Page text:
Fri, Jun 22, 2018 - Page 11 News List

Sentiment on real estate improves slightly: survey

OUTSIDE FACTORS:A looming trade war between the US and China has deepened caution, but a rally on the local stock market could lend support to luxury homes

By Crystal Hsu  /  Staff reporter

About 41 percent of Taiwanese expect housing prices to decline next quarter, easing for the eighth consecutive quarter from 44 percent three months earlier, as the local property market continues to consolidate backed by real demand, Evertrust Rehouse Co (永慶房屋) said yesterday.

The mild, but gradual improvement in sentiment might lead sellers to stand firm by their prices and slow transactions going forward, as buyers have shown no interest in higher prices, a quarterly survey by the nation’s largest real-estate broker showed.

“Housing deals increased this quarter, while prices flattened in most parts, with small gains in others, amid a stable economy,” Evertrust general manager Yeh Ling-chi (葉凌棋) told a news conference.

It is too early to conclude that housing prices have emerged from a downturn due to lingering expectations of prices falling, he said.

Prospective buyers would stay on the sidelines unless sellers agree to cut prices by 15 percent from the peak in 2014, he added.

A brewing trade war between the US and China has deepened caution and could translate into concrete damage if the world’s two largest economies make good on threats of heavy tariffs, which would hurt global trade, Yeh said.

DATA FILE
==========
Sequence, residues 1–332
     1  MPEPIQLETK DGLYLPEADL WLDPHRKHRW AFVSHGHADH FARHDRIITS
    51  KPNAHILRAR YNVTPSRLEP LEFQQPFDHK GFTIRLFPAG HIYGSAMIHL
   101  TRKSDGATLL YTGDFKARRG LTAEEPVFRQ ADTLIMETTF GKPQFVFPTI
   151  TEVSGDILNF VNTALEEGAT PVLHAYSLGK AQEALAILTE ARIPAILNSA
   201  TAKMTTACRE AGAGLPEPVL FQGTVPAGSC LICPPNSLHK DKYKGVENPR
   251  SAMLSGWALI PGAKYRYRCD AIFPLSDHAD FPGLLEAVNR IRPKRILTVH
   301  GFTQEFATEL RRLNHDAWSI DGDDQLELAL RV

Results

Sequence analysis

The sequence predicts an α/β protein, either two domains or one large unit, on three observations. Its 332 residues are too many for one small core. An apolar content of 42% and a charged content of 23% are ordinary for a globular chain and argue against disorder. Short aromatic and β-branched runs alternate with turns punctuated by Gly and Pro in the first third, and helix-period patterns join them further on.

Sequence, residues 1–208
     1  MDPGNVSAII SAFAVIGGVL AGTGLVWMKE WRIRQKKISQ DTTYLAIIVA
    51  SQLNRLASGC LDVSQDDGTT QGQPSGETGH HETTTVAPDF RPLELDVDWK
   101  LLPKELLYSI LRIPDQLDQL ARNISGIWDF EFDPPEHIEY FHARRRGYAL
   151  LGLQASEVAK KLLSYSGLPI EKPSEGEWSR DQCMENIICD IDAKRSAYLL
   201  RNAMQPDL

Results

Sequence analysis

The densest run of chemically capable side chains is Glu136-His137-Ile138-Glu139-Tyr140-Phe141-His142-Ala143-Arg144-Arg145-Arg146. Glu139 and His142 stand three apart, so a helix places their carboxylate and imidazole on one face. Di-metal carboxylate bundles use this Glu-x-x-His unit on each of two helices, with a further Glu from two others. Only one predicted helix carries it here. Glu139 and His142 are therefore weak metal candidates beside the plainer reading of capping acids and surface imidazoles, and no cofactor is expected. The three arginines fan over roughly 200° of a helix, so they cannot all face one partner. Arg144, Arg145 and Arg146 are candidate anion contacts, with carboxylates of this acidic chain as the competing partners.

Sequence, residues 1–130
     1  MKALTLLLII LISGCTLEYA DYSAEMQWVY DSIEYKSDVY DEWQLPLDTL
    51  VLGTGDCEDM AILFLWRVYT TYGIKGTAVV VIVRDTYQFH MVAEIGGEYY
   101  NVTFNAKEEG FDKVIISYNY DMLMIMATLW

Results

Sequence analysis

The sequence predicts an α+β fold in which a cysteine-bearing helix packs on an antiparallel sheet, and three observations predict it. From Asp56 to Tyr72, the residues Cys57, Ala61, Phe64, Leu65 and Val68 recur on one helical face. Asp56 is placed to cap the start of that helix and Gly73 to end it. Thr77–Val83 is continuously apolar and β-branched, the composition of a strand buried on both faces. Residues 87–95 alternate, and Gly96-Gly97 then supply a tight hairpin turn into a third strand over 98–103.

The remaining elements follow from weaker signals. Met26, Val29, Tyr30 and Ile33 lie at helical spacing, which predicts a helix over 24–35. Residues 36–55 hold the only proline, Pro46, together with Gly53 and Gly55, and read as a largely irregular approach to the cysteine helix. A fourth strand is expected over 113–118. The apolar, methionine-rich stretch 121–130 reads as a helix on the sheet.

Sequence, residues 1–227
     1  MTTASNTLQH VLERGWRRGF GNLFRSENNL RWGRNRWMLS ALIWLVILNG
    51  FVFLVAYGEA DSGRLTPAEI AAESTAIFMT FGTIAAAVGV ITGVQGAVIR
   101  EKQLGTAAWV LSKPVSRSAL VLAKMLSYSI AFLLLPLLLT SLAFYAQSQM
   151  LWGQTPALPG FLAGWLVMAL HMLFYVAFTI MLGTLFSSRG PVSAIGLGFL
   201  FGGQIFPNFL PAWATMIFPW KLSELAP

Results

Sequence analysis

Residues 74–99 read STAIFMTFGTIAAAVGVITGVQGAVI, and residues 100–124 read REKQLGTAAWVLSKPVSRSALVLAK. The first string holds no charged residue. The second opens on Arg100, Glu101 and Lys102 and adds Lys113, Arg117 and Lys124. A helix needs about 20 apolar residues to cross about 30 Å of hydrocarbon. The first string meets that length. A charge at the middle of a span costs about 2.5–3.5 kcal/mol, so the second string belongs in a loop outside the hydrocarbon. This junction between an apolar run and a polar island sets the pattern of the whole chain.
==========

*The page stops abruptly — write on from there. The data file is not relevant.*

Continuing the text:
The world might get a better idea of what the situation looks like next quarter or toward the end of this year, he said, as US tariff hikes on Chinese goods are to take effect on July 6 and China has promised retaliatory measures, which are to take effect on the following day.

Evertrust forecast that housing transactions would reach 135,000 to 140,000 units in the first half of this year, or an increase of 5 percent to 8 percent from the same period last year, while the volume for the entire year might climb 9 percent to 290,000 units.

Although housing prices have over the past few years fallen 13 percent in Taipei and 11.6 percent in New Taipei City, luxury homes might find support from a rally on the local stock market, Yeh said.

Corporate owners might shift partial capital gains to luxury homes to help diversify risks, as the TAIEX will probably not remain above 10,000 points forever, he said.

The central bank, which yesterday kept interest rates unchanged for the eighth consecutive quarter, might consider tightening its stance next year to tame inflationary pressures, Yeh said.

Interest rate hikes might help ease imported inflation caused by an ongoing rise in oil prices and appreciation of the US dollar, he said.

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